Ort / Place
Physik Campus Riedberg, Max-von-Laue-Str. 1, 60438 Frankfurt
Großer Hörsaal, Raum 0.111

Zeit / Time
Mittwochs / Wednesday , 16.00 Uhr c.t.



Prof. Ulrich Heinz
Ohio State University, J.W. Goethe-Universität       

The Little Bang Standard Model

The Little Bangs created in ultra-relativistic heavy-ion collisions share many characteristic features with the cosmological evolution after the Big Bang. They create a quark-gluon plasma — an extremely dense state of strongly interacting matter that flows like an almost perfect fluid. This allows to describe such heavy-ion collisions with dissipative relativistic fluid dynamics, supplemented by an early pre-hydrodynamic and a late kinetic freeze-out stage. I will demonstrate how quantum fluctuations in the initial state of the Little Bang propagate into the experimentally observed final state, manifesting themselves as fluctuations in the final flow pattern. A harmonic analysis of the final flows, their transverse momentum dependence and their flow angles (the "Little Bang flow fluctuation spectrum") provides detailed experimental information from which theory allows to extract with precision the spectrum of gluon fluctuations in the initial state, together with the transport coefficients of the quark-gluon plasma fluid created in the collisions.


Dr. rer. nat. Dipl.-Ing. Arash Rahimi-Iman
Universität Marburg

Investigations on the optical properties of two-dimensional layered semiconductor structures

Two-dimensional excitons formed in quantum materials such as monolayer transition-metal dichalcogenides (TMDCs) and their strong light–matter interaction have attracted unrivalled attention by the research community due to their extraordinarily large oscillator strength as well as binding energy, and the inherent spin–valley locking. Recently, semiconducting few-layer and monolayer materials with their sharp optical resonances such as WSe2 have been extensively studied and envisioned for applications in the weak as well as strong light–matter coupling regimes, for effective nano-laser operation with various different structures, and particularly for valleytronic nanophotonics motivated by the circular dichroism. Many of these applications, which may benefit heavily from the two-dimensional electronic quasiparticle’s properties in such films, require a better understanding of the nature of the optical resonances that are attributed to exciton modes, and how these modes are affected by the local environment. This presentation highlights the influence of the substrate, the environment, the stacking configuration and nanoscopic patterns on the emission properties of monolayer TMDCs.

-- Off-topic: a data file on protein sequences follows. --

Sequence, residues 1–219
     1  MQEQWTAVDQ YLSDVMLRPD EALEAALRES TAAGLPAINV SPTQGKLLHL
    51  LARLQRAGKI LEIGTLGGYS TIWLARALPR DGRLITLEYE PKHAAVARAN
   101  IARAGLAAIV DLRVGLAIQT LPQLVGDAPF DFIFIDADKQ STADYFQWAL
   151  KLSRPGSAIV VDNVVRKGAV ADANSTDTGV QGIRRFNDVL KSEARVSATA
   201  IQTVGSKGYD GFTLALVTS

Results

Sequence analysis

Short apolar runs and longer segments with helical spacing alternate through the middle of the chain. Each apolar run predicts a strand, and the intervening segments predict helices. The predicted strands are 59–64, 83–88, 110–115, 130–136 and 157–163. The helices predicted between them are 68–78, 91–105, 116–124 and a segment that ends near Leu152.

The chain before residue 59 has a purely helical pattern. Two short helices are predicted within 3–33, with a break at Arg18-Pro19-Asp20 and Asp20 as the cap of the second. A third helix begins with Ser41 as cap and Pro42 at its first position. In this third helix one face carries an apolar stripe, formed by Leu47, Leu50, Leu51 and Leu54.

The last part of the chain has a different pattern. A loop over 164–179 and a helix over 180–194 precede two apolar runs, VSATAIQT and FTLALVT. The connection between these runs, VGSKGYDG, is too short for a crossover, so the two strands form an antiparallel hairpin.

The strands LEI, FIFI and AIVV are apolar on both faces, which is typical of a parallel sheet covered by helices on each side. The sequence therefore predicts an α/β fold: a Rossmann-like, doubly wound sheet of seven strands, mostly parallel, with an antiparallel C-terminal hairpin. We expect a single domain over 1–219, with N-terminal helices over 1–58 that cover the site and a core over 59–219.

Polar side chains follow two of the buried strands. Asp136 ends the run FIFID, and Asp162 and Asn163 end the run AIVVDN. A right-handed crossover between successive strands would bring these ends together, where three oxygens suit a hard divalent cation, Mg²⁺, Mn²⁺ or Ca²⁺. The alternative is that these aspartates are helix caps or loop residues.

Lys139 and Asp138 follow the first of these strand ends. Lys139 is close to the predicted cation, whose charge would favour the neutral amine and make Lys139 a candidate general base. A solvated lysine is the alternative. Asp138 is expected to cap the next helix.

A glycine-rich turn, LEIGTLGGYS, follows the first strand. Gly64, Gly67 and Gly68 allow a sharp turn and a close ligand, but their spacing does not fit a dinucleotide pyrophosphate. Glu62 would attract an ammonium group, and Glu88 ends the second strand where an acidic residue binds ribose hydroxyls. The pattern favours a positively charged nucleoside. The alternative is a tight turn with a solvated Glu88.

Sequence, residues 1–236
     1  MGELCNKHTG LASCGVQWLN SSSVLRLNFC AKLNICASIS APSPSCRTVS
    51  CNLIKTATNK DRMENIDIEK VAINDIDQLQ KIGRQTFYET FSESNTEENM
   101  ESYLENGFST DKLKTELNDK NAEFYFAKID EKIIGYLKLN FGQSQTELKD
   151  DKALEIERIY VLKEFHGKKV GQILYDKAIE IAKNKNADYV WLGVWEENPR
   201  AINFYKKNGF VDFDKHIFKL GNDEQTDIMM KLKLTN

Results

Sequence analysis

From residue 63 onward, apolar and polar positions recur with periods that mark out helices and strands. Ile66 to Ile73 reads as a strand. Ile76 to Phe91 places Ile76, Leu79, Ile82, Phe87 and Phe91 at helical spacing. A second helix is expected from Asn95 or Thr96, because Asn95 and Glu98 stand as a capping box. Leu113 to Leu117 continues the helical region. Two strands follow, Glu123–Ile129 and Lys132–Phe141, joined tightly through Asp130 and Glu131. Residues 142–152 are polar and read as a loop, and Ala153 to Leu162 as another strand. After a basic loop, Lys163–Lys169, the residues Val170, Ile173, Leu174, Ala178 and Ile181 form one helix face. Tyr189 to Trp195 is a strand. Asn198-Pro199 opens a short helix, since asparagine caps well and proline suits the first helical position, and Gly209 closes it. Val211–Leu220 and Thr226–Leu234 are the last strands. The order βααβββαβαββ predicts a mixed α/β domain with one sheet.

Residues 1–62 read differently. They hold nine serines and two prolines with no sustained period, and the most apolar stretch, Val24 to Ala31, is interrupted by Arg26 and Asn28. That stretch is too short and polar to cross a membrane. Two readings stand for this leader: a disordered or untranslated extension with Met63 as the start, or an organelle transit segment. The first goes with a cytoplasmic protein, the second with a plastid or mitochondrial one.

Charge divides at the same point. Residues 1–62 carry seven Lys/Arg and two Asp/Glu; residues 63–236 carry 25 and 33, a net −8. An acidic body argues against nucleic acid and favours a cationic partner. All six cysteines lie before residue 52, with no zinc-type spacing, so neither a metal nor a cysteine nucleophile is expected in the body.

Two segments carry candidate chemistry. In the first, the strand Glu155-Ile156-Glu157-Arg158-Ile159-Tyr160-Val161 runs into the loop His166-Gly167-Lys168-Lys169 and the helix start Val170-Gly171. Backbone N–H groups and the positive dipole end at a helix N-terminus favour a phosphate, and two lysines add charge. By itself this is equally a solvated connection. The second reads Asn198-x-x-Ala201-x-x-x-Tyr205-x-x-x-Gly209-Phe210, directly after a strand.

Rückblick Physikalisches Kolloquium:
SS 2010, WS 2010/11, SS 2011, WS 2011/12, SS 2012, WS 2012/13, SS 2013, WS 2013/14, SS 2014, WS2014/15, SS2015, WS2015/16, SS2016, WS2016/17, SS 2017, WS 2017/18, SS 2018, WS 2018/19